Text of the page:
By David Warner
With relatively little fanfare, less than a month ago the U.S. Department of Labor (“DOL”) issued an Administrator’s Interpretation concerning the application of the Fair Labor Standards Act’s “suffer or permit to work” standard in identifying employees misclassified as independent contractors . Some commentators have suggested that the guidance was a manifestation of regulatory unease with the transitory workforce of the exploding “gig” or “on-demand” economy. While that may be the case, and last week’s DOL blog post appears to support such a conclusion , the reach of the Interpretation is not limited in application, and the tightening of the independent contractor analysis could have significant impact on government contractors, an industry sector known for its frequent use of independent contractors.
The principal takeaway from the Interpretation is the DOL’s de-emphasis of the question of how much control is exercised over a worker and a significantly increased focus on the “economic realities” test, which examines whether a worker is truly in business for him- or herself or whether they are effectively dependent on the employer. In conducting an economic realities test, the DOL noted six factors:
- The extent to which the work performed is an integral part of the employer’s business.
- The worker’s opportunity for profit or loss depending on his or managerial skill.
- The extent of the relative investments of the employer and the worker.
- Whether the work performed requires special skills and initiative.
- The permanency of the relationship.
- The degree of control exercised or retained by the employer.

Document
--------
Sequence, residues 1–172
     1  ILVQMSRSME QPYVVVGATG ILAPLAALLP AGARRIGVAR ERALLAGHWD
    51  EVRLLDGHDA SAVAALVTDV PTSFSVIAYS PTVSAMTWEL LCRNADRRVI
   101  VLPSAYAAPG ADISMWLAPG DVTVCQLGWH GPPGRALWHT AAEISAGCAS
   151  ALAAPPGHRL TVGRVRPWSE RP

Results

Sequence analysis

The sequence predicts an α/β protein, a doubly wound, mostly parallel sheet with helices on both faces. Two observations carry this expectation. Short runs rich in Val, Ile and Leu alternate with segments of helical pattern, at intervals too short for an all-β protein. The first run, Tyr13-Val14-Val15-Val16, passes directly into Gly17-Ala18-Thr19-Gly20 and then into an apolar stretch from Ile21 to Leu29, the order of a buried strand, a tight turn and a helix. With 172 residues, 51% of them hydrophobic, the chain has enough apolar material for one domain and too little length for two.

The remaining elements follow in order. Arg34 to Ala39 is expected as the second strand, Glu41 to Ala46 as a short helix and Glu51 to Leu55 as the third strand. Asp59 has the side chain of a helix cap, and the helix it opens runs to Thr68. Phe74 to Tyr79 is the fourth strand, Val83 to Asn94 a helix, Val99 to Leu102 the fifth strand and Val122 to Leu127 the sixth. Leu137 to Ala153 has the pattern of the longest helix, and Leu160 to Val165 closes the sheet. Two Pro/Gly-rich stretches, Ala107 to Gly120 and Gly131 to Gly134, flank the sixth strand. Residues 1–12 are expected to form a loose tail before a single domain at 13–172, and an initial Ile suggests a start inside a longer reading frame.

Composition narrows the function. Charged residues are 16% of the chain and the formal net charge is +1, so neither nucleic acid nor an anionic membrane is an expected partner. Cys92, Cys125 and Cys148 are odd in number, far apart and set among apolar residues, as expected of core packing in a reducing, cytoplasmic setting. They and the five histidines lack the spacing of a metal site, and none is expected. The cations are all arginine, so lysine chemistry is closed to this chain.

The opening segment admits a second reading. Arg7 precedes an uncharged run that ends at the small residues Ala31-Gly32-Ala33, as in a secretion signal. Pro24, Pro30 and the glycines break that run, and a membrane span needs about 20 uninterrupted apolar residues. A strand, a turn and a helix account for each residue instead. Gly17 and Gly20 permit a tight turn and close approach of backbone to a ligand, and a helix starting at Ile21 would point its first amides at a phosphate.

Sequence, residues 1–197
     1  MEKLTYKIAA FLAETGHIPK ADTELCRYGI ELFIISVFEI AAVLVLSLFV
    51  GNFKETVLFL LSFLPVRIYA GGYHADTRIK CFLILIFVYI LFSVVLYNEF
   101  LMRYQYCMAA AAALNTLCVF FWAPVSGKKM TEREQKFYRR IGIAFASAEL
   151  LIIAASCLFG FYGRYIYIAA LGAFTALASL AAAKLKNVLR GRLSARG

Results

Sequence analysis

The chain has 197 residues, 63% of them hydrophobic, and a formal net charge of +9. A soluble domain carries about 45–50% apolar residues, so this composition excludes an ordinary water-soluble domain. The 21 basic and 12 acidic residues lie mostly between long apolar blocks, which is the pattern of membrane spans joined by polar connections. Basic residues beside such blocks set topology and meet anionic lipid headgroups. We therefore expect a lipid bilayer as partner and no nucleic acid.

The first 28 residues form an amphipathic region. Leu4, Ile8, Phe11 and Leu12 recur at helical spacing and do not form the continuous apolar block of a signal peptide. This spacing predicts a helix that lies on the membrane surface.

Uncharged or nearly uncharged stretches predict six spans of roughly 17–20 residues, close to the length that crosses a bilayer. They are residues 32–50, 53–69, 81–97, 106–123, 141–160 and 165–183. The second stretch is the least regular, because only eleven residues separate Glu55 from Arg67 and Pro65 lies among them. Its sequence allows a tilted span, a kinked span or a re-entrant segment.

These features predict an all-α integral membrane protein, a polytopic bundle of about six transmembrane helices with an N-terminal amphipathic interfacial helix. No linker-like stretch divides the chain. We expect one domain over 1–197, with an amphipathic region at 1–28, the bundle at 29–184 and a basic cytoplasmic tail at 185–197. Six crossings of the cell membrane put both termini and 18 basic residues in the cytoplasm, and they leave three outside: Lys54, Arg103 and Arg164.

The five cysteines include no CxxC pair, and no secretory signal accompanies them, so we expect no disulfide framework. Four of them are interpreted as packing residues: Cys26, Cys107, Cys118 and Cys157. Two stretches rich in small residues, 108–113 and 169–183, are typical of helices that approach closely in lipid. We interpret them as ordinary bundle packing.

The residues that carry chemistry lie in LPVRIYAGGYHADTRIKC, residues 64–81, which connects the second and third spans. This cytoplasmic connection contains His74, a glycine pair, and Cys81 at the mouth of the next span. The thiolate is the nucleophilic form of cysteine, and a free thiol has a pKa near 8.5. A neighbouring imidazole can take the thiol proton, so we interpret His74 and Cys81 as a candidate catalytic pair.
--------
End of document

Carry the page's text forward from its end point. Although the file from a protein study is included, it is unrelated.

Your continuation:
The agency expressly stated that “no single factor is determinative” and that the “‘control’ factor … should not be given undue weight.”
Most troubling for the government contracting community would be the first three factors. Independent contractors are routinely integrated within the employer’s larger business, often working side-by-side with W-2 employees. Similarly, given hourly billing typical on many contracts, payments to independent contractors are often structured as hourly payments, providing virtually no opportunity for “loss depending on … managerial skill.” Finally, the relative investments of the employer and the worker in question tend to be wildly out of proportion, particularly with individual 1099 contractors.
The risks for employers with misclassified workers are manifold. For example, in addition to unpaid payroll taxes and contributions for unemployment insurance, employers may be faced with claims for unpaid overtime and unpaid benefits (i.e., health insurance as well as 401k/retirement contributions). With the DOL signaling a more restrictive definition, contractors are well counseled to review their current independent contractor relationships to ensure that they can withstand scrutiny.